Candidates gear up to run in a crowded House

Dynamic in four contests reflects what is occurring in many House contests across the nation in 2018

  • Thursday, May 3, 2018 12:04pm
  • Opinion

Democratic Congressman Rick Larsen is getting his re-election campaign formally underway this week with events in communities throughout the 2nd District he’s represented for 18 years.

This is Larsen’s M.O. and it’s worked well enough to earn him victories in nine elections.

But as he sets out this time, the landscape is different because, well, it’s bereft of challengers. No Republicans nor any people of any other political stripe have said they will oppose the incumbent congressman.

Larsen’s brain trust fully expects an opponent will surface when candidates begin filing May 14. Still, to be this close to the sign-up period without any foes, let alone a Republican, has never happened.

But this is not an anomaly. This year there is little ambition in the state’s Grand Old Party to tackle incumbent Democratic House members.

Washington has six — Larsen, Suzan DelBene, Pramila Jayapal, Derek Kilmer, Adam Smith and Denny Heck — and none of them had a Republican challenger as of Wednesday, based on the online records of the Federal Election Commission.

DelBene, Jayapal and Kilmer have no opponents at all so far, like Larsen. A Democrat is signed up against Smith and two independents against Heck, according to the federal records.

For the four House seats held by Republicans in this state, it’s a completely opposite scenario.

Incumbents Cathy McMorris Rodgers, Jaime Herrera Beutler and Dan Newhouse all have at least one Democratic opponent.

And in the 8th Congressional District, where Dave Reichert of Auburn is retiring, there is one Republican candidate, Dino Rossi, and nine Democrat hopefuls.

The dynamic in the four contests reflects what is occurring in many House contests across the nation in 2018.

Democrats are enthusiastic and their political machinery revved up. Their candidates are receiving an ample supply of financial support and a power plant worth of volunteer energy, all fueled by a desire to put Democrats in charge of the House and establish a bulwark to the initiatives of Republican President Donald Trump.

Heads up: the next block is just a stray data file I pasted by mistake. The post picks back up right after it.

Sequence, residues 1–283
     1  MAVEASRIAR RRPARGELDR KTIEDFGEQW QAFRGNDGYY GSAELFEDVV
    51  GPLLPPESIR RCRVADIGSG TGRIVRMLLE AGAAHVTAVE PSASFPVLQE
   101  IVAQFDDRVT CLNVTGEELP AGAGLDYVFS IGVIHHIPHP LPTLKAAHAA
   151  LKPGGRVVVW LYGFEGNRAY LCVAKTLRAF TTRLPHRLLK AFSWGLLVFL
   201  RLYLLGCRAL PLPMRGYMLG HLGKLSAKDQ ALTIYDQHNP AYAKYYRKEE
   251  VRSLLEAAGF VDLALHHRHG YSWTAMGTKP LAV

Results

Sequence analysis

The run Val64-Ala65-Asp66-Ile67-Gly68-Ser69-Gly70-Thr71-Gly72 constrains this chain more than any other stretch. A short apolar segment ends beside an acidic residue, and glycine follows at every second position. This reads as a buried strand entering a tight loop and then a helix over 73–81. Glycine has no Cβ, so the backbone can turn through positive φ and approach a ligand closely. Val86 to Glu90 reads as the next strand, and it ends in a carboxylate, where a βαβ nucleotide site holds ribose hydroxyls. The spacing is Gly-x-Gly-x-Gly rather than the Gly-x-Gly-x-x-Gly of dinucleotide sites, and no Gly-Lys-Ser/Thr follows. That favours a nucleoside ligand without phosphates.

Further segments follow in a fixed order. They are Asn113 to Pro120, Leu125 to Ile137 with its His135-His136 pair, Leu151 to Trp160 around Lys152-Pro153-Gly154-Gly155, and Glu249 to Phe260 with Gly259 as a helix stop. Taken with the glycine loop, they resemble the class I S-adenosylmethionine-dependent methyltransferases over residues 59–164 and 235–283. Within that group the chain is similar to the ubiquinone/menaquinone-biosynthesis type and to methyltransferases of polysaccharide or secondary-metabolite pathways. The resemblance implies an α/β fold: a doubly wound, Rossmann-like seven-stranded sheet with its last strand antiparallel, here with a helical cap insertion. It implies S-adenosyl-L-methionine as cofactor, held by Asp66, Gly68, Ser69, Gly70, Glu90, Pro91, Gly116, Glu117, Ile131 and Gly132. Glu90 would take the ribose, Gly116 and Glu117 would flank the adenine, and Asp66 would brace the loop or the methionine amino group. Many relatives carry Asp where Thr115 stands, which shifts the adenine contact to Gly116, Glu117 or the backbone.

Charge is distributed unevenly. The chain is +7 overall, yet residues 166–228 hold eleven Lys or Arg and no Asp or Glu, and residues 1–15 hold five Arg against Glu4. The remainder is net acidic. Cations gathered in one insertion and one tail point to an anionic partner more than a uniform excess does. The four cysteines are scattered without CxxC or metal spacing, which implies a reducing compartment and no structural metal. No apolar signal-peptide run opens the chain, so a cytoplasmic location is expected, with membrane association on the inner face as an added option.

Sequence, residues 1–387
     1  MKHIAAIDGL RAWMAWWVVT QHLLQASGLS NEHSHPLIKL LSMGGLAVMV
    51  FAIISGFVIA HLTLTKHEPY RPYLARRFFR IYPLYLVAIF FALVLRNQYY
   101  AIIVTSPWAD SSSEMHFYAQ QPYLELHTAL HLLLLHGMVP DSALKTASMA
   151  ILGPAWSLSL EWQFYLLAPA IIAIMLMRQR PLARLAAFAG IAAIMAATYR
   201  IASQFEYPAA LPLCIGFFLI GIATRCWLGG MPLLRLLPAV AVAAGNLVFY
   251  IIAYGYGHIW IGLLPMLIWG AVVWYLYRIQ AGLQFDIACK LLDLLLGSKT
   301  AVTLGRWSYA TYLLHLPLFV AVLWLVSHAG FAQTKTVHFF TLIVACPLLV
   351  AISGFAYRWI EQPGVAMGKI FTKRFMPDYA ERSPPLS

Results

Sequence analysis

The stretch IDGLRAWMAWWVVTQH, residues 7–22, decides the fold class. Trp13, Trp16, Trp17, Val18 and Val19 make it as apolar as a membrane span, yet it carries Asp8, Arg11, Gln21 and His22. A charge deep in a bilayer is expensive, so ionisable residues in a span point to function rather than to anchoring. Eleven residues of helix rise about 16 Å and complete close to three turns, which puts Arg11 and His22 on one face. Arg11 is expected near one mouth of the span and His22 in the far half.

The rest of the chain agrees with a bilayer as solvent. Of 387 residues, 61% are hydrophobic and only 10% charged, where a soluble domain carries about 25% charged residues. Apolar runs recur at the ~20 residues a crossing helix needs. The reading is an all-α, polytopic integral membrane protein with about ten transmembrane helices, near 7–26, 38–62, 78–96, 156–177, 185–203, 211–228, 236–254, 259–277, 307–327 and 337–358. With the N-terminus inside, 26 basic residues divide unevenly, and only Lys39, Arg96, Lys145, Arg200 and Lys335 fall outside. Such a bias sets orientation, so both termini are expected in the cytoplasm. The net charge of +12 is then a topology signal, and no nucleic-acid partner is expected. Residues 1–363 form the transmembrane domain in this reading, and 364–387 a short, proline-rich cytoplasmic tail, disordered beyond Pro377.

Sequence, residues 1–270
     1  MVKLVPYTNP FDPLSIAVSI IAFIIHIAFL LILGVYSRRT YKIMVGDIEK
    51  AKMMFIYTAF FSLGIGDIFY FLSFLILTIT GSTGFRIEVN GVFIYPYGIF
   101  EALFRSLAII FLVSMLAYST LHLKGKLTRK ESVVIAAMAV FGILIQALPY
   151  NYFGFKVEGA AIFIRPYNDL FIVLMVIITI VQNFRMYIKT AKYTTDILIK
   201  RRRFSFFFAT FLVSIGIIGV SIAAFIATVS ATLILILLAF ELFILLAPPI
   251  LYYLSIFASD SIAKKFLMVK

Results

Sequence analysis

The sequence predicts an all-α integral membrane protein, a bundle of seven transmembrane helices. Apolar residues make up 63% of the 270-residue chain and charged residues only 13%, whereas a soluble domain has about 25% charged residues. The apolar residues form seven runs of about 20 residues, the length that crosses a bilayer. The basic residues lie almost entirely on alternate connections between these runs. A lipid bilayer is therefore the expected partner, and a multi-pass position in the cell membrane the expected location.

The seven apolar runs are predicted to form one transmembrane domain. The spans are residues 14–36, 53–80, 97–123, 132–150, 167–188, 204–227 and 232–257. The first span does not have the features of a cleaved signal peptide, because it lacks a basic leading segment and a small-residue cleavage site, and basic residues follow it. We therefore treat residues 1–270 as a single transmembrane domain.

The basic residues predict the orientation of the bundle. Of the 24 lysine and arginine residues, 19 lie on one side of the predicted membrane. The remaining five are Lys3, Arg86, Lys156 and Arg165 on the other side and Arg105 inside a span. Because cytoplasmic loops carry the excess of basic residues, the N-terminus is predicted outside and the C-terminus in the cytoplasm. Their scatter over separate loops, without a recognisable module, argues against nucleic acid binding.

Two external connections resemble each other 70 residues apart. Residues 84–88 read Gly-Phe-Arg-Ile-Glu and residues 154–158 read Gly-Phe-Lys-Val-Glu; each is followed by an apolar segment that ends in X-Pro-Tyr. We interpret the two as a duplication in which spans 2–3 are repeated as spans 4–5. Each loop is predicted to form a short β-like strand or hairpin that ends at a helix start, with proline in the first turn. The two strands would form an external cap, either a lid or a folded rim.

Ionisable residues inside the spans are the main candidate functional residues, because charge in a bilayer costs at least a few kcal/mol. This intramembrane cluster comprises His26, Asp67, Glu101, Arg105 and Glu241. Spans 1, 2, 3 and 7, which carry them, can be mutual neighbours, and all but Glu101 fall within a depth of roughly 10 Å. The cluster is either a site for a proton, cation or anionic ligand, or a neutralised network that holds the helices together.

Republicans aren’t fired up quite so much and party leaders are marshalling all available resources to defend seats and keep control of the chamber.

In Washington, the battle for Reichert’s seat is likely to generate the greatest clash of these forces.

Rossi, an ex-state lawmaker, is quite popular with Republicans in spite of a losing record in pursuits for higher office. He should win the primary and be the prohibitive favorite in the general election.

To win, Rossi is going to have to figure out how to create enough distance between himself and the president — real and perceived — to win over independents whose votes could determine the outcome. But it cannot be so much space as to turn off Trump loyalists. If those folks worry that Rossi won’t defend touchstones of the president’s Make America Great Again agenda, he’ll get their votes but probably not their time or money, which could be invaluable down the stretch.

In the meantime, the road ahead for the six incumbent Democrats looks pretty smooth. Each of them won by more than 10 percent in 2016. Even if they get a Republican challenger in the coming days, they likely will enjoy a successful outcome this fall.

And Larsen can then return to the communities he’s visiting this week to celebrate.

Jerry Cornfield: 360-352-8623; jcornfield@herald net.com. Twitter: @dospueblos.

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